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Music Reviews

Screaming Females - Castle Talk
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Robyn - Body Talk Pt. 1/ Body Talk Pt. 2
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The Walkmen - Lisbon
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Fat Possum
Wu-Tang Clan
8 Diagrams

Rating: 7.3/10 ?

January 18, 2008
Let us pretend for a second that not all rock critics can successfully avoid being thrown askew when our favorite bands do Weird Things. I might be wrong, but I think people read us for the second guess, to be convinced that something's worth staying with even after a slightly sour first listen. But we're not above human; we have five senses, and sometimes even the most refined of 'em misses the forest for the trees (not that all critics are refined, and usually regarding Jenny Lewis, are total boobs). So I'm not ashamed to make myself one of RZA's targets, and no level of smarts or training could escape me from being flat-out confused by the motherfucker.

Lots of folks speculated about the difficulty of this cult-classic-to-be, though it seems like the word of mouth is neg-a-TIVE (dropping from 23 to 85 in one week on the Billboard 200 ain't a good look for supposedly vital "C.R.E.A.M." dreamers). Me, I hear a solid record with a lot of unnecessary burying going on. "Rushing Elephants" is a banger, not mash, and should blare like one as such. I don't think even admirers can deny this thing would crunch in hi-fi. Or at least 36 Chambers-era mid-fi; it's not like these dudes were quite Timbaland to begin with. What we get is murk. Tasty murk, yes, but a bit mismatched. Sleater-Kinney's decision to let Dave Fridmann mix everything in the red? Killer. PJ Harvey and Steve Albini flicking dirty razors left and right? Scuzz genius. But those ladies fought for their aural space. The closest RZA's boys get to truly filling up that audio is when Ghostface Killah's stressed moan drenches a track now and then. Now bereft of their brashest character, the other top-class MCs present are more known for shadowing the background and working the edges. Unless you're so 1995 you think GZA or Method Man are still a threat to Soulja Boy on club playlists. So yeah, it's admirable that RZA did 8 Diagrams his way in an age where Beanie Sigel and Kanye West are exploring their synth-pop sides. But it's also pretty douche that you can barely hear the melting harmonicas on "Campfire." Other goodies that get lost in the mix: "a man who came to kill [who] gets knocked out," and pretty much any percussive element.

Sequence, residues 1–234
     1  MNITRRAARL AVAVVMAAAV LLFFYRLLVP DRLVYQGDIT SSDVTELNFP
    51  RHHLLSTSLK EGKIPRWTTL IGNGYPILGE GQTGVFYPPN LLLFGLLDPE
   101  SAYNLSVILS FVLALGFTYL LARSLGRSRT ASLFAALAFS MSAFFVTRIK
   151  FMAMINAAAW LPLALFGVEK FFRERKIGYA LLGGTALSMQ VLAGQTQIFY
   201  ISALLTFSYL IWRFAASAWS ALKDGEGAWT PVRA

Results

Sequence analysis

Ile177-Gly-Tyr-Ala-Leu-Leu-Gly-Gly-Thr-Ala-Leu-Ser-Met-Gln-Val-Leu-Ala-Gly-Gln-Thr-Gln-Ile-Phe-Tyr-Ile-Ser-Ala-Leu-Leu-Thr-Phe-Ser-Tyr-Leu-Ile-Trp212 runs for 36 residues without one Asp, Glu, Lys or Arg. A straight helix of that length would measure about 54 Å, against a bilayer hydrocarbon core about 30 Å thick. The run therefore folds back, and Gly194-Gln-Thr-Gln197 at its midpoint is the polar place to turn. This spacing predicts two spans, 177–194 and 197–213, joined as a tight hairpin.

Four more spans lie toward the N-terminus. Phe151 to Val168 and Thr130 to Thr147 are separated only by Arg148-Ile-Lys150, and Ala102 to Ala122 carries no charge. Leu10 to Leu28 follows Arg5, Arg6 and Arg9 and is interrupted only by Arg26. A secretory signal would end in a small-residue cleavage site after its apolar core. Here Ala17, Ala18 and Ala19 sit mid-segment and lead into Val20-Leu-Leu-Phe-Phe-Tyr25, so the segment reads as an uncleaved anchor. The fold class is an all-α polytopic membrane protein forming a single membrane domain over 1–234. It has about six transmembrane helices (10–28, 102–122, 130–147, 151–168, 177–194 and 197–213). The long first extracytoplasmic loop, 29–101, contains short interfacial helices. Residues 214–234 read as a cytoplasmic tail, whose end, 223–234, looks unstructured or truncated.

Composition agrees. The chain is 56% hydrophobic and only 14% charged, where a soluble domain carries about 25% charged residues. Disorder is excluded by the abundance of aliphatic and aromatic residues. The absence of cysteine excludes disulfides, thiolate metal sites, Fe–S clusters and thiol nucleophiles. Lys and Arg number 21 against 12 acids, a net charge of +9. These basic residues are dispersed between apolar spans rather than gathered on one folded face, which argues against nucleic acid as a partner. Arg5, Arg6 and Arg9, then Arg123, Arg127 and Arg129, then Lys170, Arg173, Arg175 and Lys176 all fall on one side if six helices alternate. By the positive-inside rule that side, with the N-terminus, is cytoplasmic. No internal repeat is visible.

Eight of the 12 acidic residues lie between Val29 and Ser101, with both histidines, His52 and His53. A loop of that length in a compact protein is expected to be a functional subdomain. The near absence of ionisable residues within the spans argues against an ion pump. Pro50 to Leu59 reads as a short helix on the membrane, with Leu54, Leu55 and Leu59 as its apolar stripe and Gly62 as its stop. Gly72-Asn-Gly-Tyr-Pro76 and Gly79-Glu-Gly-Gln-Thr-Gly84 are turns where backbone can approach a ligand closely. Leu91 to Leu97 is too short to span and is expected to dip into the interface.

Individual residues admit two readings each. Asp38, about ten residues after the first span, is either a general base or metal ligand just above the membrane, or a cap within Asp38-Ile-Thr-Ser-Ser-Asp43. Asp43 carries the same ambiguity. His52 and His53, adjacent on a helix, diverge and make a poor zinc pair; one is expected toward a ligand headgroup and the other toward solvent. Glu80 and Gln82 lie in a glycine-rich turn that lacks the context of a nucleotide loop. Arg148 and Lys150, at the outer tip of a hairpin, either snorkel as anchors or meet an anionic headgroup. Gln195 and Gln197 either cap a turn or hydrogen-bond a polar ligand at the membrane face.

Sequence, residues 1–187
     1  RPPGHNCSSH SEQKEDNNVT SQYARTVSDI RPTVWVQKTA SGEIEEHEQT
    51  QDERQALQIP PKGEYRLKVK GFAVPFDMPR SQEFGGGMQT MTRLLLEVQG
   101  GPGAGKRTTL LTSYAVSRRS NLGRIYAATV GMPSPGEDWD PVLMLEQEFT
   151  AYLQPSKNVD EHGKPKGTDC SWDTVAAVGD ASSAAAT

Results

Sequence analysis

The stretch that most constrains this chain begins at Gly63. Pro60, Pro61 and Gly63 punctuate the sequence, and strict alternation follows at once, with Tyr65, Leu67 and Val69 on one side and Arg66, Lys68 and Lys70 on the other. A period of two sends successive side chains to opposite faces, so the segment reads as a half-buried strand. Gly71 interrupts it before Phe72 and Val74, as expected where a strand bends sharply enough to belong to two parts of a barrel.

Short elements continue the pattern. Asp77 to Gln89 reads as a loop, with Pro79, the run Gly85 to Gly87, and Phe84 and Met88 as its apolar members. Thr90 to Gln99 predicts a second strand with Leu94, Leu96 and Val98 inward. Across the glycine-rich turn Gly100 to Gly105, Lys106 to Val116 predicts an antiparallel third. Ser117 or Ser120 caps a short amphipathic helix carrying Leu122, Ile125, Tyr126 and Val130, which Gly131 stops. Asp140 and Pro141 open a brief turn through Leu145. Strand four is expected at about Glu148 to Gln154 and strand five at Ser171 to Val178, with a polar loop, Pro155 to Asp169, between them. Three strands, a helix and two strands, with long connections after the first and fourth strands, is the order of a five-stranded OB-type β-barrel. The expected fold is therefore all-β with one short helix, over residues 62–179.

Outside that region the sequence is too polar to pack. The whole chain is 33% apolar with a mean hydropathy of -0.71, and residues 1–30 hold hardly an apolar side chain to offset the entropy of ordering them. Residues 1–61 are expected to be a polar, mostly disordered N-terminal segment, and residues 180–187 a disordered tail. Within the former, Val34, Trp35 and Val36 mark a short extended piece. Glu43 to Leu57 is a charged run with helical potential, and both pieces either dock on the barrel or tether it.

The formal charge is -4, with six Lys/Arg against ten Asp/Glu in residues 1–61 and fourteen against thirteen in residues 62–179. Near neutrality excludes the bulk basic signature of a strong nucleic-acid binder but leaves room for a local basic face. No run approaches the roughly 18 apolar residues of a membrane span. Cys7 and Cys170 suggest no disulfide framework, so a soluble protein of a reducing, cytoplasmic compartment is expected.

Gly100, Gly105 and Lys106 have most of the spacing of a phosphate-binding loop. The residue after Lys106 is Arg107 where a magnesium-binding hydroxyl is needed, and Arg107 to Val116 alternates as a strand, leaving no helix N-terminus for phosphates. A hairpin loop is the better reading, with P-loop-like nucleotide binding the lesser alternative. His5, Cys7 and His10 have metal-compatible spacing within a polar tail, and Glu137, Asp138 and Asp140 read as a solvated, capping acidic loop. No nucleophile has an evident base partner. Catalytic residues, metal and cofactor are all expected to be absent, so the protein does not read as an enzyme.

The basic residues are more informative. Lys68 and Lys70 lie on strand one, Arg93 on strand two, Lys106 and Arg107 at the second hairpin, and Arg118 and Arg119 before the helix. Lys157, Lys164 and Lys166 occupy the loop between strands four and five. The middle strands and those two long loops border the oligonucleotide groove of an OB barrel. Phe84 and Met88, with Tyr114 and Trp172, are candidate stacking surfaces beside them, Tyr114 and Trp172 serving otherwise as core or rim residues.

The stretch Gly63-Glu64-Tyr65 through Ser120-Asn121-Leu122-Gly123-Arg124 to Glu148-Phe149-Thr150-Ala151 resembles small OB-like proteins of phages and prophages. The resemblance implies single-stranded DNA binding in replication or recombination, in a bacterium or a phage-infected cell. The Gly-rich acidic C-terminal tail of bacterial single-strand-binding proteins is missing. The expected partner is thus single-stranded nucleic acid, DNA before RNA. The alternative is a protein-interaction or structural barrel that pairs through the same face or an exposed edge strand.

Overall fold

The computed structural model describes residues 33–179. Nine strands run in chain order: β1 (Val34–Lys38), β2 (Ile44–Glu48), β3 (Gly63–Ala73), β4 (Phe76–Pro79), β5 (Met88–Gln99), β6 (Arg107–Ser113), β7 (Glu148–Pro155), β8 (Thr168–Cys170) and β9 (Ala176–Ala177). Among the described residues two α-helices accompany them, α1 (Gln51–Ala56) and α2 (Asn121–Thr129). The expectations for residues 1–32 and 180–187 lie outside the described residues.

There is, however, one extraordinary exception. "Wolves" seems like an oddity at first, but in three listens it establishes itself as everything one still hopes for from the Wu camp. George Clinton guest-stars as a rocking-chair swamp daddy, jabbering on the porch about Red Riding Hood's foe who "made a widower of Grandpa" in his brilliantly off-timed grumble, and a doomy beat offsets itself with mariachi horns floating in from RZA's latest hookah binge. The underrated U-God and Masta Killa (and the somewhat overrated Method Man) take it from there, and damn me if it doesn't balance the Wu myth in tandem, equidistant between goofy cryptograms and cold-eyed threats.

For a few tracks this vibe really does sustain in the middle, before half falling apart again. I want to compare this act of audio defiance to Zen Arcade, but with the producer's hippie-mystic leanings, it's more likely he meant Person Pitch. I'm not a fan; I expect shy indie rockers to swath their tunes watery out of shyness, not an eccentric legend to disguise half-committed beats. Still, it would be too easy to point to the squarely linear The Big Dough Rehab and call it what I wanted, because it's atypically (and terminally) unweird for the usually enticingly oddball Ghostface. What to do? Let's call 8 Diagrams one to grow on and hope six years from now RZA develops his new sound, that Wu fans aren't expected to suspend disbelief anymore than they already are. 8 Diagrams is intricate, inoffensive, interesting. With the right homegrown accessory, it may even grow hypnotic. But it's mash.

Reviewed by Dan Weiss
Dan Weiss is the music editor for LAS. Formerly an editorial intern at CMJ and creator of the now defunct What was It Anyway?, his work has appeared in Village Voice, Pitchfork, Philadelphia Inquirer, Stylus and Crawdaddy among others. He resides in Brooklyn where he enjoys questionable lifestyle choices and loud guitars.

See other reviews by Dan Weiss



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